During a Wednesday meeting between Minister of Environmental Protection Tamar Zandberg (Meretz) and the head of the Mateh Yehuda Regional Council Niv Wiesel, the Minister said that the construction of Highway 39 is not included in the 2021-2022 budget, and added that she would do everything in her power to stop the project.
Highway 39 is a planned, fast four-lane access road to Jerusalem that will cross the lowlands and the Jerusalem mountains, connecting the fast toll Highway 6 to Ashdod, Beit Shemesh, and western Jerusalem. The Highway will cross Rt. 38 and pass near Rt. 375 between the Ella Junction and Tzur Hadassah, through the Ella Valley.
It should be noted that the highway’s planners have emphasized that it crosses a national ecological corridor, passing through reserves and forests, and crosses streams, unique agricultural areas, and archeological sites, which is why they would create ecological passages along its path. A detailed plan for the new highway has been approved by the National Planning Committee, the road is being promoted by the Ministry of Transportation, and the governmental roadwork agency Netivei Israel is in charge of its construction. The initial cost is estimated at NIS 1.85 billion ($570 million).
Zandberg is not happy with the planners’ dedication to securing against the highway’s environmental risks. It should also be noted that originally, Highway 39 was also supposed to connect Jerusalem to Ashkelon and Beer Sheva. But this changed following the freezing of the eastern part of the highway, which was supposed to connect Tzur Hadassah to Jerusalem. In the current plan, Highway 39 will only reach the Hadassah access road, so some government officials are questioning the need for it altogether since it won’t be serving its promised purposes. The Tzur Hadassah-Jerusalem road would have removed congestion on Gush Etzion’s Tunnel road.
Assaf Plus, engineer and director of the Planning Division in the Development and Engineering Division of Netivei Israel, told Calcalist in July that Israel must have new roads: “The State of Israel is still young and has not yet completed the creation of its road network, and all this is happening alongside constant growth in population and trade,” Plus contended. He stressed that a road network is critical for living and livelihood, and “an analysis performed by a large team of experts in transportation, economics, and urban planning revealed that the country’s road network suffers from the absence of east-to-west roads and regional roads.”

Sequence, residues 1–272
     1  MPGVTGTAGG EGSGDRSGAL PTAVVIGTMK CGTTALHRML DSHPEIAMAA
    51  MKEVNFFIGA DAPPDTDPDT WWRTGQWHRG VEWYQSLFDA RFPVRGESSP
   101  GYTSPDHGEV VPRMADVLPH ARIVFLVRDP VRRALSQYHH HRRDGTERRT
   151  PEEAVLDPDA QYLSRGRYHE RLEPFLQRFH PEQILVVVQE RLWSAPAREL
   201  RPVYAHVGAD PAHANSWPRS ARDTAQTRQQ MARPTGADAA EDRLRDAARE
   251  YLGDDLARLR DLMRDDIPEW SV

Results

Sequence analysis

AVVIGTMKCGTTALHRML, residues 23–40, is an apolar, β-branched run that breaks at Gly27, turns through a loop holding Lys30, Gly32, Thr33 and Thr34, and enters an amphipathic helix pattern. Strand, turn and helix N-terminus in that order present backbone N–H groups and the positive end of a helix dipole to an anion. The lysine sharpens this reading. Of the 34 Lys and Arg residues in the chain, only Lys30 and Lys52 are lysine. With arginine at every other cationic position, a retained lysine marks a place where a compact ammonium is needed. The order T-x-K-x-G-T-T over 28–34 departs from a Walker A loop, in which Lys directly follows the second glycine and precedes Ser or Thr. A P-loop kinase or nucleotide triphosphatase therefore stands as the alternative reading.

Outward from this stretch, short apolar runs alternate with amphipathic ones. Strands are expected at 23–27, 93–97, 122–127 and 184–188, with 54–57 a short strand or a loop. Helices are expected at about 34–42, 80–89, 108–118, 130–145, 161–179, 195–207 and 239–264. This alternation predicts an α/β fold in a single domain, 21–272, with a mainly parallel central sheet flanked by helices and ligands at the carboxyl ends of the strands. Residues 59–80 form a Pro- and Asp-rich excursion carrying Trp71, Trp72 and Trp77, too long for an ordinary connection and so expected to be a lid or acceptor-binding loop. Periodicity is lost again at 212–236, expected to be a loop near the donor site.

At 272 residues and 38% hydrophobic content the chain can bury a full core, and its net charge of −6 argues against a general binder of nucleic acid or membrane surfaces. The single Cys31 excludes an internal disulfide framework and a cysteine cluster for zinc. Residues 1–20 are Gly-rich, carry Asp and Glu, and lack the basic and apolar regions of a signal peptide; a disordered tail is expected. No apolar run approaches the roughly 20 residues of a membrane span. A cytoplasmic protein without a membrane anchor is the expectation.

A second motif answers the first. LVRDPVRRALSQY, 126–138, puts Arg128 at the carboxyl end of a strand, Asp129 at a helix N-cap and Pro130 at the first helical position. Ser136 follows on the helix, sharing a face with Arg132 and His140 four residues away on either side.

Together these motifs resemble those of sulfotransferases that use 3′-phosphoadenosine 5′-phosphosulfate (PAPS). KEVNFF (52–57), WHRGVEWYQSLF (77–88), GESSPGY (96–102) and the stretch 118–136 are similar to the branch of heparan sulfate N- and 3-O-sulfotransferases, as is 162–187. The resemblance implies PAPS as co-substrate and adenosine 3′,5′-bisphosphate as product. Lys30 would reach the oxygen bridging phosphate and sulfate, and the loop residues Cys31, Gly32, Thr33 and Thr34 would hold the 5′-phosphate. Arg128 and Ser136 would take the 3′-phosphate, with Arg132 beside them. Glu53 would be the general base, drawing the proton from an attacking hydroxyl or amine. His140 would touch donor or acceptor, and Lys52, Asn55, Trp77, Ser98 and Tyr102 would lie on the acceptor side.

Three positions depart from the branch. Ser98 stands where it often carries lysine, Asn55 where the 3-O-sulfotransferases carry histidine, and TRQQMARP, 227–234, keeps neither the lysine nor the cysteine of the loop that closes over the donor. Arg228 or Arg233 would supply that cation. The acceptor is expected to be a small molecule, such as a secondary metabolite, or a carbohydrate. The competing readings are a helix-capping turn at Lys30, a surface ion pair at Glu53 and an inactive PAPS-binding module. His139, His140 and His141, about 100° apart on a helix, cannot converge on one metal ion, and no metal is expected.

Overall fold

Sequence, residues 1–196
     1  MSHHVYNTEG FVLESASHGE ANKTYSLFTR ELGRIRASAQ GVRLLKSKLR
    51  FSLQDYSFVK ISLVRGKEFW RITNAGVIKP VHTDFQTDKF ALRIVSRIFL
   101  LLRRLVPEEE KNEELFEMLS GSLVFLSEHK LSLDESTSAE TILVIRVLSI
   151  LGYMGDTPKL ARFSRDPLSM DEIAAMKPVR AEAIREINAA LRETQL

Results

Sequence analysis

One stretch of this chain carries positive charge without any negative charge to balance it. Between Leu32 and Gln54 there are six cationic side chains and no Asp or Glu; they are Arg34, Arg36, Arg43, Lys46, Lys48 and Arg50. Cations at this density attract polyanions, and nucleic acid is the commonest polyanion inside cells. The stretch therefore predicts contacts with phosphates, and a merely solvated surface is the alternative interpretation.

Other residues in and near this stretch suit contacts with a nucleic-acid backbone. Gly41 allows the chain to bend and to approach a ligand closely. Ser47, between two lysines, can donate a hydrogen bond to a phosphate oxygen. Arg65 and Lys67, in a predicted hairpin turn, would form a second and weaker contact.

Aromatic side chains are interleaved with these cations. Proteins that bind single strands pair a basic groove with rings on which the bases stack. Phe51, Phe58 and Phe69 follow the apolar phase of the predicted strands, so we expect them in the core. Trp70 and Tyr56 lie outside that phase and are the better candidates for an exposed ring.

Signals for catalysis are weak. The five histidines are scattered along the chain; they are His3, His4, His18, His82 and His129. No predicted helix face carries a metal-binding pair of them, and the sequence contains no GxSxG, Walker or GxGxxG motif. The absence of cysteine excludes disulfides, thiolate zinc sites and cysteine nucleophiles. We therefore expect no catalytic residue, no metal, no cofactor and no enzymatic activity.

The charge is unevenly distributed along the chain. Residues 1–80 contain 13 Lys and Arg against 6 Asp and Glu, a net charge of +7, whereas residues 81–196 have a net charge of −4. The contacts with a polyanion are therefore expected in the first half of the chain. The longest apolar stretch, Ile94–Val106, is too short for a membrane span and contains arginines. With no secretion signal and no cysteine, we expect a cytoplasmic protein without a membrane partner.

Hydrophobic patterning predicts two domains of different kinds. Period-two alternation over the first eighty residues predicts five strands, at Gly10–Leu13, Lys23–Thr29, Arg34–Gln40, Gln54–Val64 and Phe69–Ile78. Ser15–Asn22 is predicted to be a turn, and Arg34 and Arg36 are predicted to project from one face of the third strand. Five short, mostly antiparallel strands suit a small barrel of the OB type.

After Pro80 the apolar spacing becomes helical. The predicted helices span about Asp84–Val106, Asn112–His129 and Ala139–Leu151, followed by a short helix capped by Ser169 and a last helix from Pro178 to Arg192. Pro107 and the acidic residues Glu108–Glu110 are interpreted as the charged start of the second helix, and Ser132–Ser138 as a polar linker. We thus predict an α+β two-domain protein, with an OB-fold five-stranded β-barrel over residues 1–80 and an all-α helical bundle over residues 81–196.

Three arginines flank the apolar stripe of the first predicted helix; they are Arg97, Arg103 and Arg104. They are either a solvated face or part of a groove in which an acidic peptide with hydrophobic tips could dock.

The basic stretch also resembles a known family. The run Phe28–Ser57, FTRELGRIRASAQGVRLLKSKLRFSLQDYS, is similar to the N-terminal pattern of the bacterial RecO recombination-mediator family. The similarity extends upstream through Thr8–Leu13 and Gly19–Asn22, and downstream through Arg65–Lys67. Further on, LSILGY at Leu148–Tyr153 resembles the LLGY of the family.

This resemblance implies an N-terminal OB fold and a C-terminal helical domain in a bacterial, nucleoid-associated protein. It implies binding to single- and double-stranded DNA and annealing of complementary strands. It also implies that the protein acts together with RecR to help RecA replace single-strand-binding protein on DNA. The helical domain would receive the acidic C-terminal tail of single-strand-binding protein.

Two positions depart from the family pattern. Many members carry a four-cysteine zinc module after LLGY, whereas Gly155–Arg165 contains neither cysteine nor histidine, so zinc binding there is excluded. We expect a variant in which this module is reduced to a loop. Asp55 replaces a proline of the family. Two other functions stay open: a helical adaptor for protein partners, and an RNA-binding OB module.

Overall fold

He also believes that since in the coming decade the private car will remain the main means of transportation for Israelis, “It is our duty as a country to provide solutions to this need.”
Dror Boimel, director of planning at the Society for the Protection of Nature, told Calcalist that “the construction of new roads and the addition of lanes for private vehicles on existing roads will encourage buying more private vehicles and create a vicious circle that increases congestion with the consequent demand for more and more roads. The only way to solve the congestion is to completely stop investing in private car infrastructure, and diverting tens of billions of shekels earmarked for highway construction to mass transit infrastructure and public transportation.”
“For years, professionals and decision-makers have understood that the only way to solve road congestion, reduce air pollution, and provide an opportunity for Israel’s demographic and economic growth to continue is to promote public transportation,” Boimel said.
In July, Minister of Transportation and Road Safety Merav Michaeli (Labor), Energy Minister Karin Elharar (Yesh Atid), and Minister of Environmental Protection Tamar Zandberg met to discuss a joint decision to promote an electric transportation system in Israel. The budget for the joint decision is estimated at NIS 650 ($200 million) million, of which NIS 360 million ($111 million) is intended for urban and interurban electric buses and the infrastructure for charging them; NIS 100 million ($31 million) for the promotion of pollution-reduced areas in cities, NIS 90 million ($28 million) for a green work plan and approx. NIS 100 million ($31 million) for charging stations, and research and development in the field of clean transportation.